12-Hour Workdays for Child Miner in Burkina Faso

Karim Sawadogo thinks he is nine years old, but isn't sure. He's a child miner in the west African nation of Burkina Faso. He spends 12-hour workdays cooking meals, fetching water and chipping away inside a dusty gold mine, filling buckets with ore. "My dream is to make enough money so I don't have to do this anymore."

Watch Video Watch the full report on children who work in the gold mines of Burkina Faso on Wednesday's PBS NewsHour. Video footage by Larry C. Price. Edited by Noreen Nasir.

Karim Sawadogo thinks he is nine years old, but isn't sure. He was once a goat herder near his home in the northwest Burkina Faso, but left that life to come work with his uncle in a gold mine in the Kouékowéra camp, in the southwestern part of the African nation.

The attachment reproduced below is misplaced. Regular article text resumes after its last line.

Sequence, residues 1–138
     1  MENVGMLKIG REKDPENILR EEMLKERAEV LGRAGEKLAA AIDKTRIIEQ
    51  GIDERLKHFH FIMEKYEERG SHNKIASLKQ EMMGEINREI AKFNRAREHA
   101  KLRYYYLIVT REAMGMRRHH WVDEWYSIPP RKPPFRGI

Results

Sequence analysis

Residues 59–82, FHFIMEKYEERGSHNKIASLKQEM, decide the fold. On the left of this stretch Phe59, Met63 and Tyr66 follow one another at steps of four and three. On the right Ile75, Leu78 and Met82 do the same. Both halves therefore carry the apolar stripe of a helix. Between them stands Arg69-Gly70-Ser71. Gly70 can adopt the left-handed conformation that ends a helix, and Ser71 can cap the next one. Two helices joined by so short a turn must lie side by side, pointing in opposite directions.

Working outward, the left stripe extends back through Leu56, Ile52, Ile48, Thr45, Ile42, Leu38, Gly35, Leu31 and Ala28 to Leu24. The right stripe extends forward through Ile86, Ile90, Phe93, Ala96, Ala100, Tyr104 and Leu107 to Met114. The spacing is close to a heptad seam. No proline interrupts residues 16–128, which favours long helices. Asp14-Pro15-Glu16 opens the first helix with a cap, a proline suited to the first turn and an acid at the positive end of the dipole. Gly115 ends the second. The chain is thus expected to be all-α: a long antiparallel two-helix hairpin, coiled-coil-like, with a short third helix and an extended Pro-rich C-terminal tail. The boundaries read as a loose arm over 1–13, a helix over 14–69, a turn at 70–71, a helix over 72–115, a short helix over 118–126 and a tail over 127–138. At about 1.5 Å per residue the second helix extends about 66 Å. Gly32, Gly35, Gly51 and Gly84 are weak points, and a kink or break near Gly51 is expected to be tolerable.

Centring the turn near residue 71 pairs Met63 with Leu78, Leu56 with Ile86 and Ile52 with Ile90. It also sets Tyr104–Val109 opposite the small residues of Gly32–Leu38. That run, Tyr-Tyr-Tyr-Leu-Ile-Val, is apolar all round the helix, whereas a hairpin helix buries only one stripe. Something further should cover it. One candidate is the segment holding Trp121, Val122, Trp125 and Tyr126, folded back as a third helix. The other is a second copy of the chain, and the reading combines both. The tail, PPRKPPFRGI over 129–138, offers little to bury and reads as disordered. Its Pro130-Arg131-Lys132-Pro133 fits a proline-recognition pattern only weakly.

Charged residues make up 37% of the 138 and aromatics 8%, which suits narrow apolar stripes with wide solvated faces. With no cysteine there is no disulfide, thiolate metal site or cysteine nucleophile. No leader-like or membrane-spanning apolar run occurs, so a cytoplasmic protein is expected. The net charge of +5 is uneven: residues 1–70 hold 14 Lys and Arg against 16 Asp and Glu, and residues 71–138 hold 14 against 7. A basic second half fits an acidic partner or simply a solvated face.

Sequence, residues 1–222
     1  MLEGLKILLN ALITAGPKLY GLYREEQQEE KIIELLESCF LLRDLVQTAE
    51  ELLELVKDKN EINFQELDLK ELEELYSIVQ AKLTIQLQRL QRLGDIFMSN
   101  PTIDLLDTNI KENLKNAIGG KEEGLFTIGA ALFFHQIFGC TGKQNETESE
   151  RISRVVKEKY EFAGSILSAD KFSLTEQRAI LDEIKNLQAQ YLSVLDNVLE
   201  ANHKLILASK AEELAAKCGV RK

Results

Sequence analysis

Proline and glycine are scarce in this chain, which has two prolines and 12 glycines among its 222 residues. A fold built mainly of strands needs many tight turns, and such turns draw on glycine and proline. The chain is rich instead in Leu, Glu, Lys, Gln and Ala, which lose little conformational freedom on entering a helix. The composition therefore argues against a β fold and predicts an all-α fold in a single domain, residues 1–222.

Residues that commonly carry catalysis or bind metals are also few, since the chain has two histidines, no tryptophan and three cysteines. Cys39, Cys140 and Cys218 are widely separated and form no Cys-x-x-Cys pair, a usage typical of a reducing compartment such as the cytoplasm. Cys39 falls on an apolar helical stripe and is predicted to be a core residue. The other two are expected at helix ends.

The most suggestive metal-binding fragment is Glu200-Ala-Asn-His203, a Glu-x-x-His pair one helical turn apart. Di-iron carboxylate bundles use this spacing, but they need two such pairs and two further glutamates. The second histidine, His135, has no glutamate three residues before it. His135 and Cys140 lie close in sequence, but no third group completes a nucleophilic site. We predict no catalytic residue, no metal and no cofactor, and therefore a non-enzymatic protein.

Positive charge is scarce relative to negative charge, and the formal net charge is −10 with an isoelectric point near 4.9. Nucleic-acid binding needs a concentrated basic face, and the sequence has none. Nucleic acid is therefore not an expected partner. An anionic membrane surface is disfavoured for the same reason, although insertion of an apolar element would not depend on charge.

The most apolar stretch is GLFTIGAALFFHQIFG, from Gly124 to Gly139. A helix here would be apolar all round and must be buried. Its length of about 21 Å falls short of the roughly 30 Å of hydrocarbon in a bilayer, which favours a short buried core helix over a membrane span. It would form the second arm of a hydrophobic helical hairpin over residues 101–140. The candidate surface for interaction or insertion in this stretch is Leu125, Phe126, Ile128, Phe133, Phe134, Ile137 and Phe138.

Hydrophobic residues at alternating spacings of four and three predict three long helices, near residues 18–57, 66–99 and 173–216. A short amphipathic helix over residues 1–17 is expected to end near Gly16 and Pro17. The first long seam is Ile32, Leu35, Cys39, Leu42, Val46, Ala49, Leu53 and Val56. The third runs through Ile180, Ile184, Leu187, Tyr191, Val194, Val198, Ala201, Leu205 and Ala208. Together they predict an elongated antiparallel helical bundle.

Now he spends his days cooking meals, fetching water and chipping away inside the mine, filling buckets with ore. He spoke with photojournalist Larry C. Price, who visited the gold mines throughout the southwest. Karim described his daily activities to Price through a translator. "My dream is to get money," he said. He wants to get out of the gold mines.

On Wednesday, PBS NewsHour senior correspondent Hari Sreenivasan explores life in the hazardous gold mines of Burkina Faso and the status of child labor in the camps. View more of our international coverage on our World page.

Larry C. Price received funding for this story from the Pulitzer Center on Crisis Reporting. View more of his work on its project page, The Cost of Gold: Child Labor in Burkina Faso.

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